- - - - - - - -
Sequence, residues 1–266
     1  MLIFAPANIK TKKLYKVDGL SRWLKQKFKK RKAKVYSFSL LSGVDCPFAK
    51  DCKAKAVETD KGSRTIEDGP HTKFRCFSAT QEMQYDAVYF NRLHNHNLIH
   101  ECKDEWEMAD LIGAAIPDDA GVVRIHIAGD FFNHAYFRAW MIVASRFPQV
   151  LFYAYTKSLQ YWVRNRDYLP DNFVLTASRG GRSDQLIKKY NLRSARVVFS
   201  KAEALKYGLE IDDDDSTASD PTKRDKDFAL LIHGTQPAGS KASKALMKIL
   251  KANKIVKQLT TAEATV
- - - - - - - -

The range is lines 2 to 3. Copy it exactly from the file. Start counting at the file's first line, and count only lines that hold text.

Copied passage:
     1  MLIFAPANIK TKKLYKVDGL SRWLKQKFKK RKAKVYSFSL LSGVDCPFAK
    51  DCKAKAVETD KGSRTIEDGP HTKFRCFSAT QEMQYDAVYF NRLHNHNLIH